Alexander M. Ponizovsky
Mental Health Services, Ministry of Health, Jerusalem, Israel
Immigration and Mental Health: Stress, Psychiatric Disorders and Suicidal Behavior Among Immigrants and Refugees. Hauppauge, New York: Nova Science Publishers, 2010, 350 pages.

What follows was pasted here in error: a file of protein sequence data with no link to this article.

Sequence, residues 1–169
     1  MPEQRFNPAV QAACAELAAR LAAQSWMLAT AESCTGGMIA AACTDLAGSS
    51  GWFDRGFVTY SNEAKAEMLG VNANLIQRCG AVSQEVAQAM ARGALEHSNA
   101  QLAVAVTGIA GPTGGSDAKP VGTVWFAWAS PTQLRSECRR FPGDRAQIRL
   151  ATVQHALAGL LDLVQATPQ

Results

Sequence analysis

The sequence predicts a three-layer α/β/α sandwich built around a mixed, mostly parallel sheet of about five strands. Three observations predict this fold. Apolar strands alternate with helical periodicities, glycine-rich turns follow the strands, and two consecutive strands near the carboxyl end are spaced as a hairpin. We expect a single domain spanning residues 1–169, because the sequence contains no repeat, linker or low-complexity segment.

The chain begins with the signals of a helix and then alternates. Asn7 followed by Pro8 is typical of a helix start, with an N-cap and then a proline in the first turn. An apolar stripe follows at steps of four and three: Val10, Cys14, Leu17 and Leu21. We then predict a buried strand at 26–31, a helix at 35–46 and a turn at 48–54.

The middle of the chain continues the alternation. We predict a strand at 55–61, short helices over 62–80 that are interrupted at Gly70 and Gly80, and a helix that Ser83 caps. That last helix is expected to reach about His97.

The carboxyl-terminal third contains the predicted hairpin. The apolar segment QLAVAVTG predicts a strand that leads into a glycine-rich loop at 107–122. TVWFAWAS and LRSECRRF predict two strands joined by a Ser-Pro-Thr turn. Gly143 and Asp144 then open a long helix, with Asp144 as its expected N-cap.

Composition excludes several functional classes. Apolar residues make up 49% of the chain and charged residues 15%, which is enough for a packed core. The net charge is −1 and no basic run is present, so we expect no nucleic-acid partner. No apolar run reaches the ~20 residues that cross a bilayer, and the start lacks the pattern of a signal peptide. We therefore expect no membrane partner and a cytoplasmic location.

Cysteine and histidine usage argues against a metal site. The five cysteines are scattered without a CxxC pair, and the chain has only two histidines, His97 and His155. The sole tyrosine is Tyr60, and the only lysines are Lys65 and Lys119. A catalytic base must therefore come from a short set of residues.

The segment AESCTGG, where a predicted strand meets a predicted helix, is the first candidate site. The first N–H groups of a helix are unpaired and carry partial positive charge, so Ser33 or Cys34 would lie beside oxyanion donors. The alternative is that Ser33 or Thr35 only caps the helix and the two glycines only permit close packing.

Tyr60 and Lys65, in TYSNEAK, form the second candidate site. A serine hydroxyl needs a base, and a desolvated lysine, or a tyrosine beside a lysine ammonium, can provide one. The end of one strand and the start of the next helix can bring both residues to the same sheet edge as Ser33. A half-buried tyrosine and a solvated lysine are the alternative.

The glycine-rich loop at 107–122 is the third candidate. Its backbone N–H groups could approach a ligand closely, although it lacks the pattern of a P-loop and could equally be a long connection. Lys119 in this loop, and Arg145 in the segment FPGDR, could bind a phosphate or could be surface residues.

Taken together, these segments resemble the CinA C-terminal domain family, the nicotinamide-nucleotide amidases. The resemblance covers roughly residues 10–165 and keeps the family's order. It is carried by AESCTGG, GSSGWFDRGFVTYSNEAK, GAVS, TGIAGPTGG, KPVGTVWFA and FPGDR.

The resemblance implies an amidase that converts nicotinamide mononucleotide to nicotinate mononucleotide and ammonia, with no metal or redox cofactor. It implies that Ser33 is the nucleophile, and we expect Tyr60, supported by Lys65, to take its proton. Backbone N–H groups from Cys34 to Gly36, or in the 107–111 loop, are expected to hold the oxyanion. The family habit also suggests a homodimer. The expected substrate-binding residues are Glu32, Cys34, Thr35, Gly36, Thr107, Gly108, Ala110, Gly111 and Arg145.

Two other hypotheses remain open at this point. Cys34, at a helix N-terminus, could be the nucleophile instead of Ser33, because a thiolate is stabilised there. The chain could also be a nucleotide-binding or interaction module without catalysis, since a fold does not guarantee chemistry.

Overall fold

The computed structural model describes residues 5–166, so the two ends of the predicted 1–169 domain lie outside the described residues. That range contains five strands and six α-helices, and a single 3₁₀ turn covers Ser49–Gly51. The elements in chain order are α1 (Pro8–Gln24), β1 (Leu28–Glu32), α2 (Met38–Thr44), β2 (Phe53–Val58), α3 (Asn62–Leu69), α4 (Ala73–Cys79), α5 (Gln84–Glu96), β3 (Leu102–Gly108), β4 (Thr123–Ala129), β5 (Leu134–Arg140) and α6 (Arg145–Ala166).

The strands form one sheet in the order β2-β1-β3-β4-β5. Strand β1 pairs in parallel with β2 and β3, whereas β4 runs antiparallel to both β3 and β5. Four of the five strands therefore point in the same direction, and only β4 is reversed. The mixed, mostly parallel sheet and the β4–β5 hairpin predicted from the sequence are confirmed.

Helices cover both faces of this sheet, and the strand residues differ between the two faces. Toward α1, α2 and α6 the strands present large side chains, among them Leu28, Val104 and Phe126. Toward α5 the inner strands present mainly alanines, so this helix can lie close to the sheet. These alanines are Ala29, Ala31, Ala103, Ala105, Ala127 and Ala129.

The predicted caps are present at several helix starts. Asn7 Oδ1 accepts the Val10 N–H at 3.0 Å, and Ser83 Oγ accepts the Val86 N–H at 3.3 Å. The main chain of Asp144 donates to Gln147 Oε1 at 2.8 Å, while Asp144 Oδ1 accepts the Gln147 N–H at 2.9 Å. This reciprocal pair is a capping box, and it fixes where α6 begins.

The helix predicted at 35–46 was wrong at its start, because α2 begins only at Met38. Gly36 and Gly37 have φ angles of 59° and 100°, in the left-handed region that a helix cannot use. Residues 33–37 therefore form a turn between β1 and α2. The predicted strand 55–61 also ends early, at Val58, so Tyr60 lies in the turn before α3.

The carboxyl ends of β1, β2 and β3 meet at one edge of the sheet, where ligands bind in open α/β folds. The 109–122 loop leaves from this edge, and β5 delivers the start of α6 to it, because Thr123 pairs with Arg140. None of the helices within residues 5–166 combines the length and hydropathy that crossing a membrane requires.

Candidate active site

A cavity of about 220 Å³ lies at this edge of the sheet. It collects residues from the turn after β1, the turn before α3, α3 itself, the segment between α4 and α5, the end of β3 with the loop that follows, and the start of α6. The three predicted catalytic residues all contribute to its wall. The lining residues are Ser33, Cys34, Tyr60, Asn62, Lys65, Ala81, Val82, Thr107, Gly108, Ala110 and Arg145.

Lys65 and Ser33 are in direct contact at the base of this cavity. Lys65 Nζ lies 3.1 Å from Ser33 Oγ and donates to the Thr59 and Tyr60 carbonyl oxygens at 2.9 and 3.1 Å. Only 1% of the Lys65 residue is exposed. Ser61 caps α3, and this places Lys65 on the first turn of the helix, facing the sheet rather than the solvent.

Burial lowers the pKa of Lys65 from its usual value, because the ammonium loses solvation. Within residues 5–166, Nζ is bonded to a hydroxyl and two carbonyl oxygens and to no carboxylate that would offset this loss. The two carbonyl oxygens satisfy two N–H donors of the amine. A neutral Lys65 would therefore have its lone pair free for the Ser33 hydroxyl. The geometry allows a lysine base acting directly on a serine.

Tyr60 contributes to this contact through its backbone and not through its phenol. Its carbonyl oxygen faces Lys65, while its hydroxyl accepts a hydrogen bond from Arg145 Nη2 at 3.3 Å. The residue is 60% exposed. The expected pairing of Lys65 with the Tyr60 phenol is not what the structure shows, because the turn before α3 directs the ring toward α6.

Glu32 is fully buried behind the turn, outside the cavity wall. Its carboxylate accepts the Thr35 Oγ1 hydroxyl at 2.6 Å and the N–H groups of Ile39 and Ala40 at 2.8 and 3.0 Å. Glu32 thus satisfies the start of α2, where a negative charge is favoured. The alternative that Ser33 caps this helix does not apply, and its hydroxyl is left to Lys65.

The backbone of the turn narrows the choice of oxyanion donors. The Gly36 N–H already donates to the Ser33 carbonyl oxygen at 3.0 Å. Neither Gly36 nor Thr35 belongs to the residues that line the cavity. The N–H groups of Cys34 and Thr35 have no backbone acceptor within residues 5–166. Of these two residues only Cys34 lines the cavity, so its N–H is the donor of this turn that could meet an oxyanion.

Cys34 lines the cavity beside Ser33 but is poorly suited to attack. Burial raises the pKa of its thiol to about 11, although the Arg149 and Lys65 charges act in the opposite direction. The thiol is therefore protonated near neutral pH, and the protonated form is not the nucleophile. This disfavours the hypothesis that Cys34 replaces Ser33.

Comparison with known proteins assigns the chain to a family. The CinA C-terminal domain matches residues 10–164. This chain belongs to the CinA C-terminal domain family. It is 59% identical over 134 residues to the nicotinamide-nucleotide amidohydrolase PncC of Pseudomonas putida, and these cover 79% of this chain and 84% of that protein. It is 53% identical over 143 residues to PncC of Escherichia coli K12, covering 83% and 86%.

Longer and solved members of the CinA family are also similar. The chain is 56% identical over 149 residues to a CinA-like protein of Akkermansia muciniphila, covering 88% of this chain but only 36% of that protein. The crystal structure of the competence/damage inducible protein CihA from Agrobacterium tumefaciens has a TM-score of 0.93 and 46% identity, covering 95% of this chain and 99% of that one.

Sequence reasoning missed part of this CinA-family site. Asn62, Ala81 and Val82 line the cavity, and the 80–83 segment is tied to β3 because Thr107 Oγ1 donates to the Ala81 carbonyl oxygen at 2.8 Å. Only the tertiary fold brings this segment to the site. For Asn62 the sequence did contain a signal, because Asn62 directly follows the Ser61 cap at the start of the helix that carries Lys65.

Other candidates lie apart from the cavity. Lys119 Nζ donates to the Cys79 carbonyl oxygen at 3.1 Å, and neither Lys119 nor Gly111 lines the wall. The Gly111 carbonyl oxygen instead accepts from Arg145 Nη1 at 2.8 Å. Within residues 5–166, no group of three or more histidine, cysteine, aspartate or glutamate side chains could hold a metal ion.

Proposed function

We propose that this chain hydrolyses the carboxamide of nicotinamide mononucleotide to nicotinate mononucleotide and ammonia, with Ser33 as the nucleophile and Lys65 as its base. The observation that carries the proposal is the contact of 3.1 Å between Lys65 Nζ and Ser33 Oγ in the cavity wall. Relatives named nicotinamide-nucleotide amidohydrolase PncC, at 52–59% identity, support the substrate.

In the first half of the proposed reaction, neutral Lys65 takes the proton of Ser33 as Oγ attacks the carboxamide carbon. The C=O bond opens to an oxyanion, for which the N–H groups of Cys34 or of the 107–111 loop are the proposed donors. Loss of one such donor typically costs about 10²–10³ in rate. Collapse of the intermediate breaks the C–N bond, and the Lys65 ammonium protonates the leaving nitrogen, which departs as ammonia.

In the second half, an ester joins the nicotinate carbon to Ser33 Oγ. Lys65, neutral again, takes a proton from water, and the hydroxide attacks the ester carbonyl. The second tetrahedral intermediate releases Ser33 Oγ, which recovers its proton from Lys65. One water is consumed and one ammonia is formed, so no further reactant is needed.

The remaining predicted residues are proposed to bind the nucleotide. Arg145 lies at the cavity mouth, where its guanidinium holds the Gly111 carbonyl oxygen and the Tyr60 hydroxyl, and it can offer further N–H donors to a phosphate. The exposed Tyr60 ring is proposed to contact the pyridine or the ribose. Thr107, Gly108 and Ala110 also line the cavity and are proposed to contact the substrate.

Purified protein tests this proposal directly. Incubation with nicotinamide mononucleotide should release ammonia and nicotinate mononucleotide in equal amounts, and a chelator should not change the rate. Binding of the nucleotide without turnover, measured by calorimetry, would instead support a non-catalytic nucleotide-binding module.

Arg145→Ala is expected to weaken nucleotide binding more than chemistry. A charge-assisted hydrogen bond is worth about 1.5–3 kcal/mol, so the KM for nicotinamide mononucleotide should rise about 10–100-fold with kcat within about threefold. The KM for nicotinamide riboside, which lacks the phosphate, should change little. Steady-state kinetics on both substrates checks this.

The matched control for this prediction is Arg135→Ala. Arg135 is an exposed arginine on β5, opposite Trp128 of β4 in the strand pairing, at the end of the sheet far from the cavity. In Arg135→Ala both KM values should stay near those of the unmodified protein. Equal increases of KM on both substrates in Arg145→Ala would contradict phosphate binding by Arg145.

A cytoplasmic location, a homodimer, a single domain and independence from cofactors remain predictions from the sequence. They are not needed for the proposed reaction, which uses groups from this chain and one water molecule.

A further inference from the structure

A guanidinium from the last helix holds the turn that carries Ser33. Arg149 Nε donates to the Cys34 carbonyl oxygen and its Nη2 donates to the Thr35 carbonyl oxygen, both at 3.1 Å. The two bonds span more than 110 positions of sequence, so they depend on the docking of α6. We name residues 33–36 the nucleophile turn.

This chapter describes findings of the Israel National Health Survey (INHS), conducted in 2003-2004 in conjunction with the World Mental Health (WMH) survey initiative. The INHS was designed to estimate the prevalence rates of psychological distress and common mental disorders, and the use of health care services and psychotropic medication in the adult Israeli population. Personal interviews were held with 3,906 veteran Israelis and 952 immigrants from the former Soviet Union (FSU) and other countries, who had immigrated to Israel after 1989. In addition, we also review here preliminary findings from the Israeli Survey of Mental Health among Adolescents (ISMEHA), conducted in 2004-2005 by the Mental Health Services at the Israeli Ministry of Health on a representative nationwide sample of 957 adolescents aged 14-17 (131 immigrants and 826 Israel-born peers). Psychological distress was measured by the General Health Questionnaire-12 (GHQ-12). Diagnostic and Statistical Manual of Mental Disorders, fourth edition (DSM-IV) disorders were assessed using a revised version of the Composite International Diagnostic Interview (CIDI), and the Development and Well-Being Assessment Inventory (DAWBA) was used for diagnosis assessment in adolescents. Respondents were asked to report any health service and psychotropic drug use during the previous 12 months. Adult immigrants were almost twice as likely to report both mild and severe psychological distress compared with veteran Israelis. Both populations were equally likely to have a common mental disorder and to have used health care services during the past 12 months. This was the case for adolescent immigrants as well. Among adult respondents who did not meet the DSM-IV criteria for a specific mental disorder, the immigrants reported markedly more use of psychotropic drugs than veteran Israelis, in particular more anxiolytics, mood stabilizers, and hypnotics. The results suggest that the common mental disorders and the use of mental health services are no higher among the immigrants than among their veteran counterparts. The higher use of psychotropic drugs by adult immigrants may be an indirect indicator of a higher level of psychological distress symptoms, such as anxiety, depression, and sleep disorders. The symptoms do not reach the threshold at which a specific mental disorder would be diagnosed ― possibly thanks to the medication. Family doctors as first gatekeeper, if properly trained in culturally sensitive care provision, may be able to detect and treat immigrants’ psychological symptoms with psychotropic drugs at an early stage, thus preventing the development of full-blown psychiatric disorders.